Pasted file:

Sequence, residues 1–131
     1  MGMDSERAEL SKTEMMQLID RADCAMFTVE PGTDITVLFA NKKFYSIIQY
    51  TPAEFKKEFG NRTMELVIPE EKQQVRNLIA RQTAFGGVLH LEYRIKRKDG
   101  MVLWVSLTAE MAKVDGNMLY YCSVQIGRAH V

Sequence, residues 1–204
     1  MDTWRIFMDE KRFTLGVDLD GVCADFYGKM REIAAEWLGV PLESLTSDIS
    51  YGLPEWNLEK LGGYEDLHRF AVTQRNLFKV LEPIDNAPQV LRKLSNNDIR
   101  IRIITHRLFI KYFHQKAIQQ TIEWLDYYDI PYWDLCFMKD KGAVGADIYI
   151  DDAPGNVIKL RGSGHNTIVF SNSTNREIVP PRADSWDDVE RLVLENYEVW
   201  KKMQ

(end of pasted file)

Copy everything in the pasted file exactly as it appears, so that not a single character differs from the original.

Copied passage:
Sequence, residues 1–131
     1  MGMDSERAEL SKTEMMQLID RADCAMFTVE PGTDITVLFA NKKFYSIIQY
    51  TPAEFKKEFG NRTMELVIPE EKQQVRNLIA RQTAFGGVLH LEYRIKRKDG
   101  MVLWVSLTAE MAKVDGNMLY YCSVQIGRAH V

Sequence, residues 1–204
     1  MDTWRIFMDE KRFTLGVDLD GVCADFYGKM REIAAEWLGV PLESLTSDIS
    51  YGLPEWNLEK LGGYEDLHRF AVTQRNLFKV LEPIDNAPQV LRKLSNNDIR
   101  IRIITHRLFI KYFHQKAIQQ TIEWLDYYDI PYWDLCFMKD KGAVGADIYI
   151  DDAPGNVIKL RGSGHNTIVF SNSTNREIVP PRADSWDDVE RLVLENYEVW
   201  KKMQ